The TGA notes that nominated contact person is distinct from the person responsible for biovigilance. The contact person does not need to be medically qualified. The person responsible for biovigilance, however, should understand the Australian market that the product is supplied in to, so it is recommended that this person is a locally qualified medical practitioner.

Further, 'permanently and continuously available' means the person is contactable when required, e.g. by phone, and not necessarily on-site full-time. Ultimately, sponsors need to be confident that the person responsible can be reached to seek advice in emergency situations.

These will be further clarified in the guidelines.

Literature reviews One respondent queried about what information and products should be reviewed in literature and for adverse event reports. The respondent also commented on the difficulties with weekly literature reviews. Sponsors should exercise clinical judgement at all times to determine what safety information and products may be relevant and should be considered, but for biologicals, adverse event reports mostly refer to the sponsor's product only. Sponsors are requested to undertake regular (weekly) systematic review of literature to identify adverse event reports and serious threats to public health. Biovigilance activities can be contracted to external parties. Sponsors need to ensure that they collect and investigate all pertinent and up-to-date safety information related to their product.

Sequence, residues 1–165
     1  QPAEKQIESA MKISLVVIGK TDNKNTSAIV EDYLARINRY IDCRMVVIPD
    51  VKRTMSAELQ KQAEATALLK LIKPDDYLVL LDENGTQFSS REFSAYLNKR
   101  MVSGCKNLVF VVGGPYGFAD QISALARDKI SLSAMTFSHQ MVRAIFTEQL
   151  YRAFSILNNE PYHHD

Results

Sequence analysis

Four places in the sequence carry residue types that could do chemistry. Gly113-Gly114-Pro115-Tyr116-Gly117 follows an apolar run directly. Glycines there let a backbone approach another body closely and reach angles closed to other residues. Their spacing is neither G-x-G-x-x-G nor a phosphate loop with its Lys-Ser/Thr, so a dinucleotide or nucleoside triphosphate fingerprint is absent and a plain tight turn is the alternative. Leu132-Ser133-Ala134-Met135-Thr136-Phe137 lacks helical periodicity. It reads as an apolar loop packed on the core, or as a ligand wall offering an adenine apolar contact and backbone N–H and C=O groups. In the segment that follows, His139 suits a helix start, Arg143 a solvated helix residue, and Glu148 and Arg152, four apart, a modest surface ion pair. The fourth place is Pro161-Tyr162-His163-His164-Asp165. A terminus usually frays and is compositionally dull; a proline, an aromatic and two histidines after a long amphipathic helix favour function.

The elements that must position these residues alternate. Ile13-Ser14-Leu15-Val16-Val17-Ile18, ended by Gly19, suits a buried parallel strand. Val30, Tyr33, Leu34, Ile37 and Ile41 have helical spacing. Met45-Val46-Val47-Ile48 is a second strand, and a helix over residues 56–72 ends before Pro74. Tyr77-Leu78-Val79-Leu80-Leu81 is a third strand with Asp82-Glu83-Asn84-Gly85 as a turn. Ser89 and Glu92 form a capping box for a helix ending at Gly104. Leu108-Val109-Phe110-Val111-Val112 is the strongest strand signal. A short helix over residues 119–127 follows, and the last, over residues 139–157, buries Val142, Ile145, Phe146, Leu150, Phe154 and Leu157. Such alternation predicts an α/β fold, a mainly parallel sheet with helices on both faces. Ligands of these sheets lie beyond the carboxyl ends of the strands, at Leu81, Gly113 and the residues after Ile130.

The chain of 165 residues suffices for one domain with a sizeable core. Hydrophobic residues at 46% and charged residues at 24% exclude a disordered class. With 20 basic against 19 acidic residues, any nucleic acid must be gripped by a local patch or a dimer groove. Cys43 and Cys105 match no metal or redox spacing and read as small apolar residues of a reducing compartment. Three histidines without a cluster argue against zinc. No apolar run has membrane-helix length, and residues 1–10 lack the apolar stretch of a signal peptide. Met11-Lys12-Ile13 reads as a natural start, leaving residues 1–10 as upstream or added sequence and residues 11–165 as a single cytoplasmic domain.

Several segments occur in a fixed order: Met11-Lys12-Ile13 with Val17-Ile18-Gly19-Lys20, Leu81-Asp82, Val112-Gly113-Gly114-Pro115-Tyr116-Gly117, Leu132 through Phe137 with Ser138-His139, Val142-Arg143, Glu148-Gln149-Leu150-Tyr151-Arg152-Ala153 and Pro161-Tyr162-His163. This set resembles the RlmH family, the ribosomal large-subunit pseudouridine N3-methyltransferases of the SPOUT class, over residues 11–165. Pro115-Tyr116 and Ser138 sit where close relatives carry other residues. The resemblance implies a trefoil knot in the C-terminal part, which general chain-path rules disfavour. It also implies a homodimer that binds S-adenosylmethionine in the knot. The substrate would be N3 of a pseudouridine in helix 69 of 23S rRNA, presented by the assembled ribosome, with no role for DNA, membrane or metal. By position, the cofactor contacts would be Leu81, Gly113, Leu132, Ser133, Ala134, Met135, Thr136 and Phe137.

Recalls, quality defects and contaminated or counterfeit biologicals One respondent queried recalls in relation to an implant and what situation would a sponsor report an adverse event resulting from the implantation of a counterfeit product. Counterfeits of the sponsor's products, of which they are aware, should be notified to the TGA regardless whether a recall is warranted or an adverse event has been reported. This aligns with the pharmacovigilance requirements for medicines. It is important to note that recall actions encompass not only recalls, i.e. removal from supply or use from the market, but also includes recall for product correction or hazard alert. This will be further clarified.
Other post-market initiatives One respondent commented that negative outcomes in recipients through solicited information gathering did not fit the criteria for a reportable adverse event. Suspected serious adverse events received from post-marketing initiative reports are subject to the regulatory reporting requirements. For solicited adverse event reports, sponsors are required to assess causality to determine whether they should be submitted to the TGA. Adverse event reporting from other post-marketing initiatives, including market research and market research programs, will be clarified.
Overdose, abuse, off-label use, misuse, administration error or occupational exposure One respondent suggested examples, especially related to tissue banks. The TGA agrees that this section is unlikely to be particularly relevant to the tissue banks. Overdose and abuse are unlikely. Examples of off-label use are more likely to apply to cellular therapies, for example use of allogeneic T-cell preparations for conditions in which clinical trials have not been performed, or administering cells via unapproved procedure (e.g. intravenous instead of intraarticular). The guidelines capture all biologicals in general and there will be some requirements for which the sponsor's requirements are not applicable and sponsors are expected to practice clinical judgement.